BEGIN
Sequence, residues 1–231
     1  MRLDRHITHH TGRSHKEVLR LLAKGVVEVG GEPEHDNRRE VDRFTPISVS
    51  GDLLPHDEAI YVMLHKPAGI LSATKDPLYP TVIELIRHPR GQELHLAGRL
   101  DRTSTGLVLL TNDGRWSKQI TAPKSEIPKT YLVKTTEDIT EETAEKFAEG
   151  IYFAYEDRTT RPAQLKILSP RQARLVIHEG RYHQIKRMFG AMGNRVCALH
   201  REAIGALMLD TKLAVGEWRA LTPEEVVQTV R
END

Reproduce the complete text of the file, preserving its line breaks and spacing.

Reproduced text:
Sequence, residues 1–231
     1  MRLDRHITHH TGRSHKEVLR LLAKGVVEVG GEPEHDNRRE VDRFTPISVS
    51  GDLLPHDEAI YVMLHKPAGI LSATKDPLYP TVIELIRHPR GQELHLAGRL
   101  DRTSTGLVLL TNDGRWSKQI TAPKSEIPKT YLVKTTEDIT EETAEKFAEG
   151  IYFAYEDRTT RPAQLKILSP RQARLVIHEG RYHQIKRMFG AMGNRVCALH
   201  REAIGALMLD TKLAVGEWRA LTPEEVVQTV R